06 November 2013
Do Deeds Give Dates of Death and Signatures?
I recently read a blog post that suggested that deeds frequently give dates of death and signatures.
That's not exactly true.
Property deeds document property ownership and transfer. That is their purpose. The original is usually signed. Any other information that they contain is usually to clarify the property ownership or transfer. There may be extraneous information as well if the individual drafting the document believed it was necessary.
It is always possible that a deed may state the day on which the owner died, but it's not all that common. If the deed is transferring property from the estate of someone who is deceased, the date of the deed can be used as "dead by" date--as long as the owner is listed as deceased. Sometimes if a wife survived her husband and had a "life estate" in her husband's property, a deed may be drawn up by the heirs after her death. In cases of this type the widow may not even be named and her death may not even be referenced. It will take a knowledge of the property title she had, often from other documents such as her husband's will or estate record, to know if this type of deed might have been drawn up.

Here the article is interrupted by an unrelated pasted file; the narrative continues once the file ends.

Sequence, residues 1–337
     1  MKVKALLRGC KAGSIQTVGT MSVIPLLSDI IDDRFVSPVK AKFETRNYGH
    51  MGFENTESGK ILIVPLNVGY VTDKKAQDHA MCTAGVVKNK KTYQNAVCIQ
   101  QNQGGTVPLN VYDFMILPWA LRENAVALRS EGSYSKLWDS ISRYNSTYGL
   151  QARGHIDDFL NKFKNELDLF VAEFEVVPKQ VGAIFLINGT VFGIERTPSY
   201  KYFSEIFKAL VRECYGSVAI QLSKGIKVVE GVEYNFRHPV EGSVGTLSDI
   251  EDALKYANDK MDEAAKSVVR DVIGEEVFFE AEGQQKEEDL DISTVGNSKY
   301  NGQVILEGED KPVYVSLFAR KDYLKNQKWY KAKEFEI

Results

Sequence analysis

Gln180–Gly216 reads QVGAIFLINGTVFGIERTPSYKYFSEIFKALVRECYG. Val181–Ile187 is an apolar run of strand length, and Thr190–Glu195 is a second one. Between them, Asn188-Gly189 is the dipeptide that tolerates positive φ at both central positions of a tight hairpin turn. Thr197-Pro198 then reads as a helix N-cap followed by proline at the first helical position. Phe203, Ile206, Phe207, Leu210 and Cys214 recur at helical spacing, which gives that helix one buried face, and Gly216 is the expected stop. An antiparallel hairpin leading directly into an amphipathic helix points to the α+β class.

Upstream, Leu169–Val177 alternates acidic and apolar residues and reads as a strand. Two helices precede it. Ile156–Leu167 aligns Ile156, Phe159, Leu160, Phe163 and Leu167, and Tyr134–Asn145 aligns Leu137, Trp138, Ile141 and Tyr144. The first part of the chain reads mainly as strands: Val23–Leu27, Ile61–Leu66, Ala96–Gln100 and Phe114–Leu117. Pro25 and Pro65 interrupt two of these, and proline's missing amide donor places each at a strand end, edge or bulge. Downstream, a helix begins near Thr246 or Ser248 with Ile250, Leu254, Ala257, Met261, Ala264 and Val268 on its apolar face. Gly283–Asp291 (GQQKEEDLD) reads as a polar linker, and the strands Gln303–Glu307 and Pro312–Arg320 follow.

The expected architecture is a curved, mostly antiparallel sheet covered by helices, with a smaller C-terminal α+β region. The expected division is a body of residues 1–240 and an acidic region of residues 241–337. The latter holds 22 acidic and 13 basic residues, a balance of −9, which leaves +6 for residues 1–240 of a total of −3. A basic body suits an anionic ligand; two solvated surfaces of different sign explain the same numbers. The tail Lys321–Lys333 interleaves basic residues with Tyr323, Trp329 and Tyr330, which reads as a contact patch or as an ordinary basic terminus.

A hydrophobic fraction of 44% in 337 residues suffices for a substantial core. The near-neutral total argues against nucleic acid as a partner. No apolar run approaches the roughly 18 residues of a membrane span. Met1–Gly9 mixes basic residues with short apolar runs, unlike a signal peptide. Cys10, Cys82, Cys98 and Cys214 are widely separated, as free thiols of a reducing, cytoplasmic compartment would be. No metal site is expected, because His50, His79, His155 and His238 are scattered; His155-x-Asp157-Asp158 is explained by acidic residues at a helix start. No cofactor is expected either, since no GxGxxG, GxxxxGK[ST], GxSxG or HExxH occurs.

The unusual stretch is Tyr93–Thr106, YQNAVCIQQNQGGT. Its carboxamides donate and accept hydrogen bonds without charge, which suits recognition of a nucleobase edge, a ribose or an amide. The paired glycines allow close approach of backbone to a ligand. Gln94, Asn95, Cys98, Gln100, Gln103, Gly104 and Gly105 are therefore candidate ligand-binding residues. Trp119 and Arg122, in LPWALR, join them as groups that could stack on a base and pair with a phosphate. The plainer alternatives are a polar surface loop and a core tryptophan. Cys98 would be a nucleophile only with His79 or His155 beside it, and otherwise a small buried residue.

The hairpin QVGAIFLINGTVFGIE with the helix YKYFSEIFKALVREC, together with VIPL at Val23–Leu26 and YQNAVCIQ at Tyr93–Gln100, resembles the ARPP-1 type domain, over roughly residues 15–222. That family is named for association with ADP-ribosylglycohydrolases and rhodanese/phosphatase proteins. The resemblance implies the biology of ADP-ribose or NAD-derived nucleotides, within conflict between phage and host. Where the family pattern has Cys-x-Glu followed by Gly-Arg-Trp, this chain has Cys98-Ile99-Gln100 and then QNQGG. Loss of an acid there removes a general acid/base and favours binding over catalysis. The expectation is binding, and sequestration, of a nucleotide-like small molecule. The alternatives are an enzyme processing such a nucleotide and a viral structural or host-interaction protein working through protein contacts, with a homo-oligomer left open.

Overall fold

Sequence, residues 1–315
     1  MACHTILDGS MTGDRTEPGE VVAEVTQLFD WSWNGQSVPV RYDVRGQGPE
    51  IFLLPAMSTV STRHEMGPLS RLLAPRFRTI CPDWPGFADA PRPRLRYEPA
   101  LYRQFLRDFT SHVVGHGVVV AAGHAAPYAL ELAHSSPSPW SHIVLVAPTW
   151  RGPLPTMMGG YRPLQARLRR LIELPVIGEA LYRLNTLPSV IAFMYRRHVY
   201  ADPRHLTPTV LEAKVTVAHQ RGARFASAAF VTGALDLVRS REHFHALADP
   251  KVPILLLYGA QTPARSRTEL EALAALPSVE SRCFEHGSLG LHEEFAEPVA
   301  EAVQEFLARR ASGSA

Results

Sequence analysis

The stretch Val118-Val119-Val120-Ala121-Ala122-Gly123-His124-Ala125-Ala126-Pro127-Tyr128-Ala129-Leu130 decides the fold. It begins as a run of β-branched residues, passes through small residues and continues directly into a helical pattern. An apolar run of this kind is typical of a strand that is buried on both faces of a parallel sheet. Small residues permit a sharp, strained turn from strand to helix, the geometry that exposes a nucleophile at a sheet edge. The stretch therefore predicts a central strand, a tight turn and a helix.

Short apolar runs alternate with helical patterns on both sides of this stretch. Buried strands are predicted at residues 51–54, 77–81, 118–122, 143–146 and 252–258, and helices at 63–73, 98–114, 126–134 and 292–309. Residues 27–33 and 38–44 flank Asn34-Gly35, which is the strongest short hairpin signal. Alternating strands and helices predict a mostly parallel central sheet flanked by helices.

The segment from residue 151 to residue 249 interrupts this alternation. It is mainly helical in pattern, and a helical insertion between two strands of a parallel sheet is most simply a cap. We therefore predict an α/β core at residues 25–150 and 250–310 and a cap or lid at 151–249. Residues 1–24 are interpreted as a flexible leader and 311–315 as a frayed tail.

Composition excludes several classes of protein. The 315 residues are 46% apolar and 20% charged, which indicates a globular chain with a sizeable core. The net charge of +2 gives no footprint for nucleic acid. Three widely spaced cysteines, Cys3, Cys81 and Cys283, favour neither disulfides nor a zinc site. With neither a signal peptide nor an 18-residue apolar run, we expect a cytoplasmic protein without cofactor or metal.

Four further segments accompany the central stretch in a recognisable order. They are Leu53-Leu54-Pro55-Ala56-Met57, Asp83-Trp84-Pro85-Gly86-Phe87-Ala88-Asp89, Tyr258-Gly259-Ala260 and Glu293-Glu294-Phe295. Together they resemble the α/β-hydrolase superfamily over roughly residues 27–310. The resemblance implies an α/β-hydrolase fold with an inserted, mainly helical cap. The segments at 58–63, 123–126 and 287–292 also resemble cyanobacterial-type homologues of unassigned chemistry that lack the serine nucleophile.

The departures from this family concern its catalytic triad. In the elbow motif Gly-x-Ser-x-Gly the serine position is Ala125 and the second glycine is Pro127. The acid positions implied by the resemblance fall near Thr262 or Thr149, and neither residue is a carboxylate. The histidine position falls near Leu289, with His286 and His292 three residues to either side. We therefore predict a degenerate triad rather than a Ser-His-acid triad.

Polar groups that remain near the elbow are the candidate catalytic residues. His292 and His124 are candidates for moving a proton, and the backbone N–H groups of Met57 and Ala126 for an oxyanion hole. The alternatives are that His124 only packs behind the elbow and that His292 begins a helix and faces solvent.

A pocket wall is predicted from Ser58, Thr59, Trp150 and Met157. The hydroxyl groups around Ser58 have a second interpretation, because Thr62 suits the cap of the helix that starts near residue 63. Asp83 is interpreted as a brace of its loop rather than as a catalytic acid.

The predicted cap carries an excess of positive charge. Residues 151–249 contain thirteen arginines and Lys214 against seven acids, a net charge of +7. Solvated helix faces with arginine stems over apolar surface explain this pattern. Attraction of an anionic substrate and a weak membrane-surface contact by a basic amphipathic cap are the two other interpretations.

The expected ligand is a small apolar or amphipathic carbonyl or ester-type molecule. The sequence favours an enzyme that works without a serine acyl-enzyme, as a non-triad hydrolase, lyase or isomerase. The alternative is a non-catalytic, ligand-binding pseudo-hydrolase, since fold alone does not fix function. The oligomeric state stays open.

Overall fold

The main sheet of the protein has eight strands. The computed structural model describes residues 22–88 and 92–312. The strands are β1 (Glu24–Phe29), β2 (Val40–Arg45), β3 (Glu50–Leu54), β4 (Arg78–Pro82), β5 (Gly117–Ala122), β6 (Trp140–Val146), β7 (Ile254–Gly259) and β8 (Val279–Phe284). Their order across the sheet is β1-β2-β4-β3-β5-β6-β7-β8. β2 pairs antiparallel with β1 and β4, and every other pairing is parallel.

But those deeds provide "dead by dates" more than a precise death date. And other documents may be necessary in order to interpret the deed correctly.
The actual deed probably contained the signature of the grantors. The thing is that most local land records are not the actual deed. The deed in the courthouse is a record copy. Before photoduplication techniques were developed in the 20th century, record copies were handwritten or typed transcriptions. They will indicate if the grantor signed his name, but it won't be the "signature" of your ancestor. It will be the clerk's copy of the signature.
Deeds are wonderful records. But, like any record, they need to be analyzed and interpreted correctly.